Appalachia Cleaning

Clean As A Whistle

Clean as a whistle

Most everyone has heard the saying “clean as a whistle” but do you know where the common phrase came from?

According to the book Why You Say It, written by Webb Garrison, in the old days when whistles were more common and were often hand made it was very important for the inside of the whistle to be clear (or clean) of all debris. Even the smallest particles lingering on the inside could considerably change the sound of a handmade whistle.

So a good whistle had to be absolutely clean which = the saying “clean as a whistle”.

Tipper

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16 Comments

  • Reply
    Rev. RB
    July 25, 2013 at 11:37 pm

    I understand! And because whistles were sometimes used to send short messages between places, like on a ship, often in certain bursts or pauses, kind of like Morse Code, debris could change the meaning of a message as well.
    Interesting!
    God bless.
    RB
    <><

  • Reply
    Jackie
    July 22, 2013 at 10:29 pm

    The ‘slingshot’ Ruth wrote about we called a ‘flip’. The sling shot to us was two leather straps with a pad for the projectile. You swing it around and release one strap to sling the rock. King David didn’t have an inner tube to make a sling. (On that note He did ride a dirt bike. The Bible says’ “His triump was heard through out the land.”)
    As a kid I made whistles from a new growth hickory sprout by tapping the bark loose. We made a lot of our toys. (bows and arrows, pop guns, rubber band powered boats, tractors from mom’s wooden spools to name a few)I don’t remember getting much for Christmas other than clothes and shoes. Once in a while I got a watch, a knife or a couple boxes of 22 cartridges.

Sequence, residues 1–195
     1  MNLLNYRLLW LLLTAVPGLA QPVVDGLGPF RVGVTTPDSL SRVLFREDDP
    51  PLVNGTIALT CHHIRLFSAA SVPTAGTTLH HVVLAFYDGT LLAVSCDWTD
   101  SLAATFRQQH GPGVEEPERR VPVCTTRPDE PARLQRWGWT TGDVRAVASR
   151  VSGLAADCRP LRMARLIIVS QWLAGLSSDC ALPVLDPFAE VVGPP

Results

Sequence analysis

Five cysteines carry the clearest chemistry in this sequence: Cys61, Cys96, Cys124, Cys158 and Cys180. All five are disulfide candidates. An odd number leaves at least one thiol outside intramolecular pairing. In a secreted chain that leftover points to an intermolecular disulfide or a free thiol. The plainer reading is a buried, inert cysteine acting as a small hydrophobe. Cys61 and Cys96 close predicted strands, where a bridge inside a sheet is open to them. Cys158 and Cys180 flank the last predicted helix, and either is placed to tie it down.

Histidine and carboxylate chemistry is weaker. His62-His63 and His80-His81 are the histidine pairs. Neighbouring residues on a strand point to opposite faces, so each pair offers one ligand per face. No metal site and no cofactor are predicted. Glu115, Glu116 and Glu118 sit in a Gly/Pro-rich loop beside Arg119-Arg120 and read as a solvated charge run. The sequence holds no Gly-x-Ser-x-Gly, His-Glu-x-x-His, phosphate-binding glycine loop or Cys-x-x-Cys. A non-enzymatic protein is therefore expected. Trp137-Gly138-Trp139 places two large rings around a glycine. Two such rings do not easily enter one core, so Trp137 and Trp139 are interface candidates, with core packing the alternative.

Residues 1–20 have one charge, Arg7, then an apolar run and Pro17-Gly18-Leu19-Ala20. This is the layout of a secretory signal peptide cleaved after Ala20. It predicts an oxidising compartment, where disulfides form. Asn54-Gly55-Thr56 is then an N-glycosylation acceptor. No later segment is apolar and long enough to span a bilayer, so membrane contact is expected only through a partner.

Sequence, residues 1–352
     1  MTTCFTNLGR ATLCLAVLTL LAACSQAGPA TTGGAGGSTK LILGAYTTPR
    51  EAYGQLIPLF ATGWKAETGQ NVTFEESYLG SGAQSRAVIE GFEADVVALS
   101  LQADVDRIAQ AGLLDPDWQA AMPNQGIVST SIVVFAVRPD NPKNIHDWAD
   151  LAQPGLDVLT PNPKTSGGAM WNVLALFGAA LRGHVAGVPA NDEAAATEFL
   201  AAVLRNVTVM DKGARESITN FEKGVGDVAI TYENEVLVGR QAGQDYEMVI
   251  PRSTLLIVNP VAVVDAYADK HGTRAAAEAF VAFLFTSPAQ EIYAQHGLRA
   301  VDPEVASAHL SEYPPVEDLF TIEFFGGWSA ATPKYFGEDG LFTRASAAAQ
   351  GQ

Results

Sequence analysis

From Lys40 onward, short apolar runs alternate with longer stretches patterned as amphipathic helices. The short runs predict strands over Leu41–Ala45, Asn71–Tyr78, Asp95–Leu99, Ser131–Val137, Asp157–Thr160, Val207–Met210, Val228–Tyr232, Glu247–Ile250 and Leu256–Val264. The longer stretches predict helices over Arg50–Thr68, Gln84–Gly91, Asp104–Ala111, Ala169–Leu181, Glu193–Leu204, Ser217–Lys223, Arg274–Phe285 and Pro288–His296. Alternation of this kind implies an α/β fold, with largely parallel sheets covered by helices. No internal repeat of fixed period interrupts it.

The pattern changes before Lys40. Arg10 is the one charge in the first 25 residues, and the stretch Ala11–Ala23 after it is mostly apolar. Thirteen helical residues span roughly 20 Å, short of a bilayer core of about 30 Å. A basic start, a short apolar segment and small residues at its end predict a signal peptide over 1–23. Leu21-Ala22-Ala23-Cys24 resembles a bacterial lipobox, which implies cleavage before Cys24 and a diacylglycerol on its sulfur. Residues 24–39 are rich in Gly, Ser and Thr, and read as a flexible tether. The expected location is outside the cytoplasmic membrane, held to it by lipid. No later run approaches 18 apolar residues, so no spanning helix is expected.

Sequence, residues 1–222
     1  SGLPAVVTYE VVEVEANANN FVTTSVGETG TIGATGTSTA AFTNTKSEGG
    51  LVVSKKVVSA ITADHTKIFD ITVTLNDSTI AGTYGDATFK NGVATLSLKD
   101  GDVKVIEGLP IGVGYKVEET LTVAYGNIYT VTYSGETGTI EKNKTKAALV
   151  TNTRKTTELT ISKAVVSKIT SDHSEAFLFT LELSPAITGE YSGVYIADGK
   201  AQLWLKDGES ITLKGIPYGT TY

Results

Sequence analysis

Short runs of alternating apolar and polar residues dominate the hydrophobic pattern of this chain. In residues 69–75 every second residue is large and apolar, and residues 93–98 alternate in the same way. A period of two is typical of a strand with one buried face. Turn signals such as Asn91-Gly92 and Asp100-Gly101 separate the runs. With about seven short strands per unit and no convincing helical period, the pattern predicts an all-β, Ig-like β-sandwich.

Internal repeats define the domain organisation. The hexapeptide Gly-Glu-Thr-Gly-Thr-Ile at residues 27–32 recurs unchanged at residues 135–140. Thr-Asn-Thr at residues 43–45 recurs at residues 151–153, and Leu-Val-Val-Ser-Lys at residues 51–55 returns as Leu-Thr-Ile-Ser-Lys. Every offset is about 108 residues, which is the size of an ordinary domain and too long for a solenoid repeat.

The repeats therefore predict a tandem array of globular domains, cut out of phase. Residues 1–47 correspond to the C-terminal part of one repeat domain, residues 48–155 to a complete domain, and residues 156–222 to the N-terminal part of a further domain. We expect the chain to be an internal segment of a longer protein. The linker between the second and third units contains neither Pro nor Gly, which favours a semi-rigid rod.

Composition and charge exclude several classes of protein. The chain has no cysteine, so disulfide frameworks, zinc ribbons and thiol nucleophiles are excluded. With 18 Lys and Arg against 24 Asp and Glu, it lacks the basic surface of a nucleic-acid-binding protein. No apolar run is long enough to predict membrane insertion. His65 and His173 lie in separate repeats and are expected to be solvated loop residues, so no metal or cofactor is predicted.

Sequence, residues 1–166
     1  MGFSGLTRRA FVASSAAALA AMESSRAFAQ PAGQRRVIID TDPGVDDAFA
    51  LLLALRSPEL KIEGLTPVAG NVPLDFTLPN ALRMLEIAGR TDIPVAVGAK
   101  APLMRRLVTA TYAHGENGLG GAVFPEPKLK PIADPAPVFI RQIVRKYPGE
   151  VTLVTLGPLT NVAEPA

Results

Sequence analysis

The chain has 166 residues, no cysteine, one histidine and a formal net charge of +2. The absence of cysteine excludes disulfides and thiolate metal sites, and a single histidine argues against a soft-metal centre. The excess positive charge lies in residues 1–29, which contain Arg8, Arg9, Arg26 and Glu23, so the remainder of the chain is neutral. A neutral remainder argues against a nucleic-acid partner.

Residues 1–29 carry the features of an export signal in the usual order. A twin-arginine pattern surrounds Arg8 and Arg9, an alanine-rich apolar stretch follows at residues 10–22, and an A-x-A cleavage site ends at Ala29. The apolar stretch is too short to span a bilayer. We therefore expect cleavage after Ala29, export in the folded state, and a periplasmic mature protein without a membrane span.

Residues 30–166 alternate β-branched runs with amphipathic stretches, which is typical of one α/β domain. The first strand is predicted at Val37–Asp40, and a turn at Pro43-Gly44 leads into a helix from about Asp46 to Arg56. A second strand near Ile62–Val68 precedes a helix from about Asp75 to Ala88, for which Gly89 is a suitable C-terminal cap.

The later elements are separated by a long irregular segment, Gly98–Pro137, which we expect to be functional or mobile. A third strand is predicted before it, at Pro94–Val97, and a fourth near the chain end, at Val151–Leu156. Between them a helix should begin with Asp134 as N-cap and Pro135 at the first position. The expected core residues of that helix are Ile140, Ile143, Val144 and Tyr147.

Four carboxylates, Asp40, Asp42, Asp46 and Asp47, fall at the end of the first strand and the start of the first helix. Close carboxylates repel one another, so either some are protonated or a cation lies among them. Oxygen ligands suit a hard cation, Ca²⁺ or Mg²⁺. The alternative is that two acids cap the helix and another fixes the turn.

To Miss Cindy, When we said a girl was as cute as a speckled pup we meant she was pretty attractive. If we said she was as cute as a speckled pup sitting in a red wagon we meant she was really something to gaze upon. Any young boy would be thrilled with the pup or the wagon but both would really set his heart a thumping.

  • Reply
    Susie Swanson
    July 22, 2013 at 8:31 pm

    I remember my dad showing my brothers how to make a whistle out of cane poles. They also made sling shots, although I wish they’d never learned how to make..lol.

  • Reply
    Ken
    July 22, 2013 at 3:08 pm

    Tipper,
    Paul sure makes a guitar sound
    good!
    I’ve heard “Clean as a Whistle” all my life. Thanks for the origin.
    And I’ve made them slingshots like
    B.Ruth talked about. We used the
    fork of a laurel for the main part. You can shoot marbles plum out of sight.
    That beardy family on TV (when
    they find time to work) down in
    Louisiana makes a Duck Caller out
    of wood…Ken

  • Reply
    JOHNIE T. ARANT
    July 22, 2013 at 12:53 pm

    MY DAD USED TO MAKE A WHISTLE
    OUT OR A CANE.
    JOHNIE JN ARK,

  • Reply
    sandy
    July 22, 2013 at 12:11 pm

    I remember my Grandpa making whistles. I think he used Pawpaw branches. But I do remember him tapping the branch all over with the handle of his pocket knife to loosen the bark. And I well remember how much trouble he got into from my Grandma if we blew them in the house.